Expanding early childhood education helps students later

The Legislature continues to grapple with McCleary. As a former legislator who represented the 21st District, I understand the challenge of balancing the budget while addressing the needs of K-12. As an employer, I know we need to do more in the early years because of the high return we’ll get on our “educational investment” in our youngest learners.

In Everett, only 36 percent of kindergartners enter school with math skills of a five-year-old. Yet we know that the number of Early Childhood Education and Assistance Program (ECEAP) students in the 2015-16 school year who scored at or above age level in early math rose by 310 percent from the beginning to end of the school year. Additionally, ECEAP students maintain those gains through their elementary school years.

Research spotlighted by the business-leader group ReadyNation shows that early exposure to a high-quality preschool can not only improve educational outcomes like better graduation rates, but also bolster employability by laying the foundation for skills these students will need in the workplace.

Today, 14 percent of people ages 16 to 24 are neither in school nor employed. An unprepared workforce is costing the nation $3.7 billion annually in remedial education services and lost wages.

Let’s expand access to ECEAP so more than 60 percent of our three- and four-year olds can have access. Currently, more than 300 eligible preschoolers are not getting access in Everett. Increased access to ECEAP will help our youngest learners get the strong start in school that they’ll need to boost our workforce and succeed in life.

Renee Radcliff Sinclair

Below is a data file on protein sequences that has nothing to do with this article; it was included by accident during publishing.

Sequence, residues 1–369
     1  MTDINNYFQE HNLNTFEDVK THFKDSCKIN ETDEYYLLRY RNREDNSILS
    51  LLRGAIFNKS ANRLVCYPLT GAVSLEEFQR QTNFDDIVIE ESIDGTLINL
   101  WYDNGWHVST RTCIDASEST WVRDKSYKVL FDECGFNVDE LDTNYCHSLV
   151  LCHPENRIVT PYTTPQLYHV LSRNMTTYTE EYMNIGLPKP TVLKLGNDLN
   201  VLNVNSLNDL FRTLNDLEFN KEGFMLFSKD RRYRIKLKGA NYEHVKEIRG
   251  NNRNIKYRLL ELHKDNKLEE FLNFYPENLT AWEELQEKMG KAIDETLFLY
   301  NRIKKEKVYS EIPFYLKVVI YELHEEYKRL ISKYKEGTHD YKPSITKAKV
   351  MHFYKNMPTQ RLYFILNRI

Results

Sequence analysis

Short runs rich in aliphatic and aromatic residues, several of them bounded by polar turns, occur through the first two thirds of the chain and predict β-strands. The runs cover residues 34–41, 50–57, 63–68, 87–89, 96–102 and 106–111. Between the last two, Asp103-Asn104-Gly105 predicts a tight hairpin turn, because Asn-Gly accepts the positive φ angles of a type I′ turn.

Talk to us

More in Opinion

Editorial cartoons for Monday, Feb. 6

A sketchy look at the news of the day.… Continue reading

Herald columnist Julie Muhlstein received this card, by mail at her Everett home, from the Texas-based neo-Nazi organization Patriot Front.  The mail came in June, a month after Muhlstein wrote about the group's fliers being posted at Everett Community College and in her neighborhood.  (Dan Bates / The Herald)

(Dan Bates / The Herald)
Editorial: Treat violent extremism as the disease it is

The state Attorney General urges a commission to study a public health response to domestic terrorism.

Comment: End of covid emergency will carry costs for nearly all

Along with an end to free tests, the disease and its expenses will be treated like any other malady.

Comment: Wealth taxes carry too many drawbacks to help states

They discourage savings and investment and it’s difficult to set up a fair system of what they tax.

Comment: Biden’s stock market record pretty close to Trump’s

At similar points in their presidencies, most market measures show little difference between the two men.

Comment: Memphis officials can learn from Minneapolis’ mistakes

After the murder of George Floyd, there were promises of reform, but a lack of specifics stymied the effort.

Comment: Hounding justices’ spouses out of work step too far

Questioning the chief justice’s work as a legal recruiter serves no purpose toward the court’s ethics.

Photo Courtesy The Boeing Co.
On September 30, 1968, the first 747-100 rolled out of Boeing's Everett factory.
Editorial: What Boeing workers built beyond the 747

More than 50 years of building jets leaves an economic and cultural legacy for the city and county.

Marysville School District Superintendent Zac Robbins, who took his role as head of the district last year, speaks during an event kicking off a pro-levy campaign heading into a February election on Thursday, Jan. 5, 2023, at the Marysville Historical Society Museum in Marysville, Washington. (Ryan Berry / The Herald)
Editorial: Voters have role in providing strong schools

A third levy failure for Marysville schools would cause even deeper cuts to what students are owed.

Most Read